K agel and Fourth Street School (now Golda l\!Ieir)-is a rare example of a
Koch-era building with no mid-t\.ventieth-century add itions. It is also the
oldest MPS building still serving as a district school.

9. Maryland Avenue (24 18 North Maryland Avenue), which has been

expanded a few times over the years, as we've already seen, is an example
of a small H enry Koch project from 1887 (it shares similarities wit11 K och 's
Garfield Avenue School, erected the same year, witl1 a gorgeously harmonious
1893 expansion by Schnetzky and Liebert. A new gym /cafeteria/auditorium,
designed by Richard Philipp, was added to t11e north, covering what was likely
the earliest main entrance, but the real tragedy is a new stairwell and chimney
erected during the same era that blocks tl1e wide, elegant western fai;ade of
the building and erased a nice curvature in t11e roofline. Despite aU of that, it
remains a fine example of a classic l\!Iilwaukee school.

I 0. Siefert ( 145 7 lonh Fourteenili Street), formerly known as Fourteen th

Street School, is the best example of the quadruplets discussed in an earlier
chapter. Siefert, erected in 1903, has t\.vo additions, one o ld and h armonious
and the other newer but low and easily ignored. Brown S treet, nearby, has
been heavily expanded over the years, and the more direct siblings are


"tainted." Auer /\venue's fa<;:ade re mains blocked by the unfortunate siting

of a 1966 addition, and Thirty-seventh Street, which has been closed for a
few years, is painted baby blue. Like Twenty-seventh Street School, Siefert
was designed by George Ehlers, who also designed Lhe Miramar Thealcr
on the city's easl side and, with J ohn Moller, the B.M . Goldberg residence,
a stunning GoLhic mansion thal was the first house builL on the Olmstcd-
planned Newberry Boulevard and Lake Park.



hese charts arc from i\!Iilwaukee Public Schools' own history, Our Roots
T Grow DeejJ, 2nd edition, 1836- 1967. They are included here because
Lhey a re of considerable use not only in deLer mi ning meanings behind school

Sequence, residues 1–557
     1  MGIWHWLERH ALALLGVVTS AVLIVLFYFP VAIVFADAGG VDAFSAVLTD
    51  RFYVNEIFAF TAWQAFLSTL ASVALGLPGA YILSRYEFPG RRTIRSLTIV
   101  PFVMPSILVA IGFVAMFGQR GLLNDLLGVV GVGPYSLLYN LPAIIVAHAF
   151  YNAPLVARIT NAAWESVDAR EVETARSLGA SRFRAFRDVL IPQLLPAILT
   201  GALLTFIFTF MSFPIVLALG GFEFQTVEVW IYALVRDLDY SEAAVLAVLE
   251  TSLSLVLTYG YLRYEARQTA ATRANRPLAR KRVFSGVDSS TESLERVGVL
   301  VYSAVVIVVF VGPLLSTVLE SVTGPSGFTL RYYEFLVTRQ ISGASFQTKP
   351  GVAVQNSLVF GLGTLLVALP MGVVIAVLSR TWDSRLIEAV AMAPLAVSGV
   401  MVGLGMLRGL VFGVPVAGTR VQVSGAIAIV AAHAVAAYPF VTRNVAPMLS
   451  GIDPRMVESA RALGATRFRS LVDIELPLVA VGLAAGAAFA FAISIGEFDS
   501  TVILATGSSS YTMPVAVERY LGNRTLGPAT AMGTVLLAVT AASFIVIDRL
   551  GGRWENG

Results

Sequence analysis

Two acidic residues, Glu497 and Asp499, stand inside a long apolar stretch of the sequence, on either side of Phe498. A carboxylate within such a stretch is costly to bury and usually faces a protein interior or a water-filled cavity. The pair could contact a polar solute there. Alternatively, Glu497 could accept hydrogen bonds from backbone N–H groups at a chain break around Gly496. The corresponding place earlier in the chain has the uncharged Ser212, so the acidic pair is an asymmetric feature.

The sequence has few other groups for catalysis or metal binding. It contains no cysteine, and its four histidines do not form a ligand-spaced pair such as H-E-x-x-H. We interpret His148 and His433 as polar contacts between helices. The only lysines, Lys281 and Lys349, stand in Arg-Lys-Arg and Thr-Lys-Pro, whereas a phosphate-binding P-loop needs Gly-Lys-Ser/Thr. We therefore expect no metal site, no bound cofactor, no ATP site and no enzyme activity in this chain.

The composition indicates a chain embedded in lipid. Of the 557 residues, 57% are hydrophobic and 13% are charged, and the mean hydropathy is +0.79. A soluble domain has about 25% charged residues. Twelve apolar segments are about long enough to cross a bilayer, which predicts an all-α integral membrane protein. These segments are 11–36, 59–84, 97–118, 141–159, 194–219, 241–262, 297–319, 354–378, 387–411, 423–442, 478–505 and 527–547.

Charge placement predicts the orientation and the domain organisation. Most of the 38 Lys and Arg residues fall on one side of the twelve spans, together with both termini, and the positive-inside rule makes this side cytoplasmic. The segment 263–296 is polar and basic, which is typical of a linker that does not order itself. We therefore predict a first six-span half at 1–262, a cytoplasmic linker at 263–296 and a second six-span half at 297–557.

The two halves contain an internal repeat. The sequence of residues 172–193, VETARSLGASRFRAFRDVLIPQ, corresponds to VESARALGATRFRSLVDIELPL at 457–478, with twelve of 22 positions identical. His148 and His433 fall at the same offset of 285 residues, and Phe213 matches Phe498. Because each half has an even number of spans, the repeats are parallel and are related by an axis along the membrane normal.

na mes in i\!Iilwaukee but aJso in tracking Lhe changes in names, of which there
have been many over the years. \.\There some information was lacking, Carl
Bae hr's useful and interesting book, JV!ilwaukee Street Names: The Stoties Behind
Their Names (Milwa ukee, vVI: C ream CiLy P ress, l 995), was consulted for
updates. The changes LO school names since 1967 have been freq uent and
many. Following are some currem updates though by no means a compleLe
list of changes over the past for ty-five years, as one could perhaps write an
entire book on the changes across the decades- with former names first,
current (or most recem) na mes second.

Boys' Tech Lynd e & H a r ry Bradley

T echnology a nd Tracie School
Burroughs M iddJe School C ommunity High School

Eighth Street Pn:~j ect STAY

Eighty-second Street Mil waukee G erman Im m ersion
Elm Frances Brock S tarms Ea rly
Childhood Center

Fifth Street Isaac Coggs (closed)

Fifty-fifth Street Milwaukee Spanish Immersion
Fourth Street Golda Meir
Fritsch e Middle School Tippecanoe-D over
Fulton Malcolm X Academy (closed)
Garden H omes Lloyd Barbee Montessori
H enry L. Palmer Dr. George Washington Carver
H opkins Street H opkins Lloyd Community
.Juneau, Solomon M acDowell Montessori
Lloyd Street Milwaukee College Prep
MacDoweU Highland Community School
Scott, Sarah 'Wisconsin Conservatory of
Lifelong Learni ng
Seventy-six th Street Satori M iddle School
Steuben Milwaukee French Immersion
Thirty-eigh th Street Milwaukee College Prep
Thirty-first Street Westside Academy
T ippecanoe H oward Ave nue Montessori
Twentieth Street W heatJey